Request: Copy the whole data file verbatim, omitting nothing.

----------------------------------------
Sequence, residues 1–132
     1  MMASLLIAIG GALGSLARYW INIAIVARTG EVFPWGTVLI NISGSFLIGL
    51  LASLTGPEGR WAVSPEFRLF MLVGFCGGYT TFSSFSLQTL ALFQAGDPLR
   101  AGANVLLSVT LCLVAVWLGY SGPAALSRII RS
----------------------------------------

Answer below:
Sequence, residues 1–132
     1  MMASLLIAIG GALGSLARYW INIAIVARTG EVFPWGTVLI NISGSFLIGL
    51  LASLTGPEGR WAVSPEFRLF MLVGFCGGYT TFSSFSLQTL ALFQAGDPLR
   101  AGANVLLSVT LCLVAVWLGY SGPAALSRII RS